MGB
May 31, 2006 1:33 PM   Subscribe

The MGB Experience : "Why do people purchase Little British Cars (LBCs)? More specifically, of the many vehicles consumers have to choose from, why would anyone purchase an old, unreliable, slow LBC, namely a MG? Is there a logical explanation for owning an automobile that last landed on American soil from the British manufacturer in 1980?" MGB Tech Tips from Motorhead and mgcars.org.uk. And don't forget the britishcarforum for all your LBC (Little British Car) sickness needs.
posted by spock (70 comments total) 1 user marked this as a favorite
 
More importantly, is there a rational legal or philosophical reason for society to promote tolerance of people's irrational passion for little British cars?
posted by JekPorkins at 1:42 PM on May 31, 2006


Motorhead says: "Lucas parts fit well and, as components, they are durable and dependable."
posted by exogenous at 1:42 PM on May 31, 2006


Beleive it or not theres a few people in the UK who insist on driving huge-ass American cars from the 60s.
posted by Artw at 1:48 PM on May 31, 2006


My parents had friends who had an MGB as their "weekend" car. As in, this weekend we'll be 1) working on it, 2) driving our Volvo around looking for parts for it, 3) poking around the countryside looking for another MGB.

But man, that thing did look good. Never got to be inside it while it was moving under its own power, but still.
posted by bardic at 1:48 PM on May 31, 2006


Heh, that must be why Lucas is often referred to as The Prince of Darkness.
posted by ulotrichous at 1:50 PM on May 31, 2006


Lucas parts fit well and, as components, they are durable and dependable

That's a joke, right? I mean, there's a reason for the old "Joseph Lucas, Prince of Darkness" one-liner.
posted by Kirth Gerson at 1:50 PM on May 31, 2006


Which a lot of people have apparently heard.
posted by Kirth Gerson at 1:51 PM on May 31, 2006


I would love to have an old MG or a Sunbeam Alpine, but with modern components and geometry underneath. The original were very cool visually but, by modern standards, a bit slow (not to mention brakes and handling). An RX8 rotorary in an Alpine with a tubular frame and modern suspension and brakes. mmmmm. curvy roads....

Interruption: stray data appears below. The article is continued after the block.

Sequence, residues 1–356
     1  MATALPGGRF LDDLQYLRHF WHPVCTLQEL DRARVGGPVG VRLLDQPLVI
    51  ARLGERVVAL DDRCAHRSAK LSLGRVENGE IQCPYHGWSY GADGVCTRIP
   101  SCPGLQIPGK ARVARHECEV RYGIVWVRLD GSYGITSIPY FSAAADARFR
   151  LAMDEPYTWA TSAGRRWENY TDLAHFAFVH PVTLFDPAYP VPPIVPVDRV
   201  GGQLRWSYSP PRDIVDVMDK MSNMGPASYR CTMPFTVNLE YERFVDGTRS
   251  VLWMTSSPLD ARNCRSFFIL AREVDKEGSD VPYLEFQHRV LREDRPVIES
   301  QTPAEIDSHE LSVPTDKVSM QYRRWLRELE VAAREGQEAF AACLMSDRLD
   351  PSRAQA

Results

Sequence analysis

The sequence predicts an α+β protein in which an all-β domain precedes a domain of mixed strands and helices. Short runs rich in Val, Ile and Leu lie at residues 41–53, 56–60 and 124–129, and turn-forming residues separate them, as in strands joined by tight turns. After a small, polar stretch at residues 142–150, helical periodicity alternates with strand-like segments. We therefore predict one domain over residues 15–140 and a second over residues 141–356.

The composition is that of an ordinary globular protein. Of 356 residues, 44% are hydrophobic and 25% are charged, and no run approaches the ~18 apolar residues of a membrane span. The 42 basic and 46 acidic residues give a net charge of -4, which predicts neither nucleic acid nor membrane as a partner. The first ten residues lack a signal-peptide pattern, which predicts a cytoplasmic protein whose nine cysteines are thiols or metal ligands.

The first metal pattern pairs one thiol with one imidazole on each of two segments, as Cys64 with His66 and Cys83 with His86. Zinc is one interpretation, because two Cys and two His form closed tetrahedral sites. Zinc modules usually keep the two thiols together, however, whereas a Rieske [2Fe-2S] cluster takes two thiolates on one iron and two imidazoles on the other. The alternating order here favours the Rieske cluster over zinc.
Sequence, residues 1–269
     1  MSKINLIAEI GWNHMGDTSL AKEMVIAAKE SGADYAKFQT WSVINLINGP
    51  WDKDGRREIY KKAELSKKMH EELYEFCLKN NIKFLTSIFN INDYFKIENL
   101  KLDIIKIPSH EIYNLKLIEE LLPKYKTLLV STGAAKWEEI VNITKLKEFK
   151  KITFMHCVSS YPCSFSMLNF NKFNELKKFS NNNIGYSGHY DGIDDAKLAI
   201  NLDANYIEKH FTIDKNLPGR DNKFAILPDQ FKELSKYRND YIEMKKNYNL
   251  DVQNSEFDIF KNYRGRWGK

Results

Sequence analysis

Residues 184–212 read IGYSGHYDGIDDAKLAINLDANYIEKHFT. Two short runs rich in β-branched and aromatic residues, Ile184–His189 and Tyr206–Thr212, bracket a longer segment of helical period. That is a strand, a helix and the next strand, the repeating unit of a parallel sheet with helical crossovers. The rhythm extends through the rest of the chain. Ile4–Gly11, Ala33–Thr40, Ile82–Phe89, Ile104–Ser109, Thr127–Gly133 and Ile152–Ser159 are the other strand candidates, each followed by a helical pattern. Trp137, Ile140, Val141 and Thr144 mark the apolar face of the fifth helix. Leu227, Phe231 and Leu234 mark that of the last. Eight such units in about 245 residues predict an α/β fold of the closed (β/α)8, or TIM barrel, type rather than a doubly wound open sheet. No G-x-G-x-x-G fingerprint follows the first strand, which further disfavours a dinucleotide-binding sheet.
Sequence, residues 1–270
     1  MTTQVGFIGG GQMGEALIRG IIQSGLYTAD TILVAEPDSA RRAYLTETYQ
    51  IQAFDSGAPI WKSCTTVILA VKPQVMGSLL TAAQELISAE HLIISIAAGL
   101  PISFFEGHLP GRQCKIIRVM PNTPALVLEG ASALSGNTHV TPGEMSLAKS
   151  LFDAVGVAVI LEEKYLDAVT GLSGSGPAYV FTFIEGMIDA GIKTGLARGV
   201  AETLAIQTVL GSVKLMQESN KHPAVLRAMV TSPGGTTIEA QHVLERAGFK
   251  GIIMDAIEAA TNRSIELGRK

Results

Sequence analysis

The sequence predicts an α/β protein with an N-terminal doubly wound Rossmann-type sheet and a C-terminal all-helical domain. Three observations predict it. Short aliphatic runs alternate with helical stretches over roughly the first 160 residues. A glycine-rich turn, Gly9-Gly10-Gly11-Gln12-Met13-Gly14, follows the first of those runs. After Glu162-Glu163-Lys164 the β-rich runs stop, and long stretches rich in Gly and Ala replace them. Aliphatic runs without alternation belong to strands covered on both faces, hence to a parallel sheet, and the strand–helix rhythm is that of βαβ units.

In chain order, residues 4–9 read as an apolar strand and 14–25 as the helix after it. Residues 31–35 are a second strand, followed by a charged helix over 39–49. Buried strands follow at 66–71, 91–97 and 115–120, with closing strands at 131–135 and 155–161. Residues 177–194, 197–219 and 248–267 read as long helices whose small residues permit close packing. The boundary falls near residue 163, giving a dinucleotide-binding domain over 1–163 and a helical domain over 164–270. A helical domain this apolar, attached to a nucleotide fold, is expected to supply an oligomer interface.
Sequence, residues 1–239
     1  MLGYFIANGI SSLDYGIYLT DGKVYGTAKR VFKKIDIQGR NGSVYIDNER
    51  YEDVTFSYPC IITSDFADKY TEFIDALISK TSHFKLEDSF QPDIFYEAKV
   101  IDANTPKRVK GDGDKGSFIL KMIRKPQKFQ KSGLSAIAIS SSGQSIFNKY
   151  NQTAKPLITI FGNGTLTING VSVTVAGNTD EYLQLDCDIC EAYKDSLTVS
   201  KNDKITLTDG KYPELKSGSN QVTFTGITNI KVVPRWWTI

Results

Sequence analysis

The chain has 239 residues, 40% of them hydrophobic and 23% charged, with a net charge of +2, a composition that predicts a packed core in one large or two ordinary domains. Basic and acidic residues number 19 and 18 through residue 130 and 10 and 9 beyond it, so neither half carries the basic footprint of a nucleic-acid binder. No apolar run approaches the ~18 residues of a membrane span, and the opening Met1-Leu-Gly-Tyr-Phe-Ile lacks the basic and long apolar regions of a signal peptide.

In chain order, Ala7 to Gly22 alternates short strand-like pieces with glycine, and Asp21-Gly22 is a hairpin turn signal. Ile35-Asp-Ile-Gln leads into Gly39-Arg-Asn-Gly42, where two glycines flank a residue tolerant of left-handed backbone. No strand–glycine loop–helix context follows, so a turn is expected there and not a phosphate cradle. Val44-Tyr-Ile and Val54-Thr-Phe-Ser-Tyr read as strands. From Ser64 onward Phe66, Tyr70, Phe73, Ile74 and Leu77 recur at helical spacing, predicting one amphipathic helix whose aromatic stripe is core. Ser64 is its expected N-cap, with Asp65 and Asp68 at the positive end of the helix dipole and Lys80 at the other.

posted by doctor_negative at 1:55 PM on May 31, 2006


Don't forget this classic:

Why do Brits drink warm beer?
Because they have Lucas refrigerators!
posted by TedW at 1:58 PM on May 31, 2006


I think that you are missing the point there Dr. Neg. People love these kind of cars because they are a bit slow and the braking and handling aren't perfect. You might as well complain that they don't have air conditioning or electric door locks.
posted by octothorpe at 1:59 PM on May 31, 2006


Act 2 of episode 279 of This American Life has a nice story:

"Jamie Kitman tells the story of the car that broke his heart. He's the New York Bureau Chief for Automobile Magazine, and the automotive editor for Men's Journal."

... that's right, the car that broke his heart was an MG.
posted by basicchannel at 2:02 PM on May 31, 2006


My *first* car was a 1976 baby blue MGB. Very Dickensian, it was the best of times, it was the worst of times.

One day rolling down the freeway the back wheels stopped turning. Completely. Skidded to a stop. Turns out the timing chain had skipped a link, throwing of the timing until the engine welded itself together. New engine. The day before I sold it, a rear leaf spring broke, entailing some rapid repairs, that certainly held long enough to get it to the dealer lot where I'd traded it in on some quality 80's Chrysler modern tech.

And when it wouldn't start, you could always fix it by opening the hood and banging on assorted metal parts with a hammer kept under the seat for just such occasions.

My wife wants one now, to which I reply I completely take NO responsibility for it what so ever. Do call me when you're broken down in the middle of nowhere.

And Doc Negative, aren't you just describing a Miata?
posted by Keith Talent at 2:10 PM on May 31, 2006




"Beleive it or not theres a few people in the UK who insist on driving huge-ass American cars from the 60s."

Artw hahahaha

I drive past Bauer Milletts almost everyday and I gotta admit I gaze at the Dodge Viper and think "that car rules".

As Brit I often wonder why Americans seem to have to drive big cars with big engines. The mentality of "the bigger the better" when it comes to cars seems odd. Smaller, lighter cars with a high power to weight ratio and exceptional handling are always gonna be more fun that a V8 American car with 150bhp and leaf springs for suspension. And less lethel too.

I do know a fella from Boston who when he came over on business here wanted me to find him as many MGs as I could - which was really quite cute.

You Americans should probably check out Morgan Cars, they're way more rare and exclusive than an MG (for Americans who watch our Top Gear, Richard Hammond has one - where as Clarkson got one of your GT40s lol)